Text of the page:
• VC 8043: Compulsory specification for the safety of incandescent lamps
  • VC 8052: Compulsory specification for the safety of manually operated switches for appliances
  • VC 8075: Compulsory specification for the safety of electric cables with extruded solid dielectic insulation for fixed installations (300/500V to 1900/3300V)
  • VC 8077: Compulsory specification for the safety of medium-voltage electrical cables


SABS EMC CoC is issued if a product has been tested and complies with the EMC standards that are referenced in the ICASA regulations. This has been implemented by SABS since 2017. Products impacted (again, it is necessary to consult the referenced standards to determine the product range) can be found in the ICASA EMC list of regulatory standards.
So, for example, Information Technology Equipment (ITE), household appliances, electric tools, electrical lighting equipment, uninterruptible power systems (UPS), vehicles, boats and internal combustion engine-driven devices, low-voltage switchgear, control gear assemblies and power supplies.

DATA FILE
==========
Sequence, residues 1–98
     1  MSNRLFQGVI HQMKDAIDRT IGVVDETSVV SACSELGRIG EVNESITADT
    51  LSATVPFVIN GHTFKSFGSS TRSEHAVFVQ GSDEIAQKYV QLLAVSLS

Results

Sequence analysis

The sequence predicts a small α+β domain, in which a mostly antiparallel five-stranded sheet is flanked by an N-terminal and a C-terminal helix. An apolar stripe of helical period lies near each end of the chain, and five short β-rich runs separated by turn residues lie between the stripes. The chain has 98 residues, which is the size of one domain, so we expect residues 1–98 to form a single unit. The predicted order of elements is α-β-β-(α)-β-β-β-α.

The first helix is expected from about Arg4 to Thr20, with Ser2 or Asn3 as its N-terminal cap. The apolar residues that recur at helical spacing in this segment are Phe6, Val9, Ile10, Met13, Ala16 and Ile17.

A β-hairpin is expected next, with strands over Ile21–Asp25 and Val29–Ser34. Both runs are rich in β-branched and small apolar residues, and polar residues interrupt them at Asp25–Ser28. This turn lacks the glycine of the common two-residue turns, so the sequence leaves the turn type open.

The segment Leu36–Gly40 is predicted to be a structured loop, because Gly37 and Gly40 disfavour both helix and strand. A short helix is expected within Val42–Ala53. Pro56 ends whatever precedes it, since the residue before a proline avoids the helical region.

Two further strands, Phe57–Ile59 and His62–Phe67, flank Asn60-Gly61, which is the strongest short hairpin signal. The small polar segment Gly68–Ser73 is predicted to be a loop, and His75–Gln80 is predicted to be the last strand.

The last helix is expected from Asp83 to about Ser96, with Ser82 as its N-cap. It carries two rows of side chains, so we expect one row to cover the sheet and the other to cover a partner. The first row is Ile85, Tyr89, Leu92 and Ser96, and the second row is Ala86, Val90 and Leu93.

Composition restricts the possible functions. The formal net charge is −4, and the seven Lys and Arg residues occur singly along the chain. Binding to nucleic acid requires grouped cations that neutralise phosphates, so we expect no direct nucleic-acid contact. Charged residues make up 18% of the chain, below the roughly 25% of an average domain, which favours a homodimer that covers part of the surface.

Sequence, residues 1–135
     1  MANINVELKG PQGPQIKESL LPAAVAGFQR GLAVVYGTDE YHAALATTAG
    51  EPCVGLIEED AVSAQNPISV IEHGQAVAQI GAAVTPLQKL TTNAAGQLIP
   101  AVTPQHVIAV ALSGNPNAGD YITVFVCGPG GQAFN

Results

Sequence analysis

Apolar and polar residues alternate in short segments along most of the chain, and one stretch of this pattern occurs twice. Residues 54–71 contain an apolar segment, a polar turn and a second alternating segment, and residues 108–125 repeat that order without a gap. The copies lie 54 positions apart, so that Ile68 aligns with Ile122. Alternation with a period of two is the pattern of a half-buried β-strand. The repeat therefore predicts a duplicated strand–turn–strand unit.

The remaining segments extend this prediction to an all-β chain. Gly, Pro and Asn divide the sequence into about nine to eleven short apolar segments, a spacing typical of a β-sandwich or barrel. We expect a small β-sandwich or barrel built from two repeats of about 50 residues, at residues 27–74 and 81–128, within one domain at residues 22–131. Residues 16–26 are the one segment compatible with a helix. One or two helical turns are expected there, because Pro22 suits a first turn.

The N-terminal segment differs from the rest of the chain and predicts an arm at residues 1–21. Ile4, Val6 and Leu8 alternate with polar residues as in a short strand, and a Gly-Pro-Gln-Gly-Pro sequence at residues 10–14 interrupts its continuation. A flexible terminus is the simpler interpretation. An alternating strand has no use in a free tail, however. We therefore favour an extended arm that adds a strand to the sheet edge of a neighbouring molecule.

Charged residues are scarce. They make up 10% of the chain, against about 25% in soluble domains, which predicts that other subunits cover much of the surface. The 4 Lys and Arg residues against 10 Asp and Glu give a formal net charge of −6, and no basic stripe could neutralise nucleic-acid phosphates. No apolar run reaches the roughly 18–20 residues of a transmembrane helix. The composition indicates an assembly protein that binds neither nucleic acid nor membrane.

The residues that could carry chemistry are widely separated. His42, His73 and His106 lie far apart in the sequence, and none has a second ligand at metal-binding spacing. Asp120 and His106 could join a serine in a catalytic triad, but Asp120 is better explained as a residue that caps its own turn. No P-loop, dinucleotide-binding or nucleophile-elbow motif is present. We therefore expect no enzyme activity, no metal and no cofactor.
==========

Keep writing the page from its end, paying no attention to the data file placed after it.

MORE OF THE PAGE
Since 1 November 2022, SABS A-Lab testing is no longer mandatory (but still possible). Manufacturers now have the option of having their products tested at any laboratory accredited by an ILAC MRA signatory.  See here for further information.

Regulatory Trends in Consumer Electronics: a 12-18 Month Outlook

The world of consumer electronics is changing, reflected by consumer and legislative demands for more sustainable practices and products.

More importance is being placed on climate neutral, resource-efficient economies, resulting in increased regulation everywhere.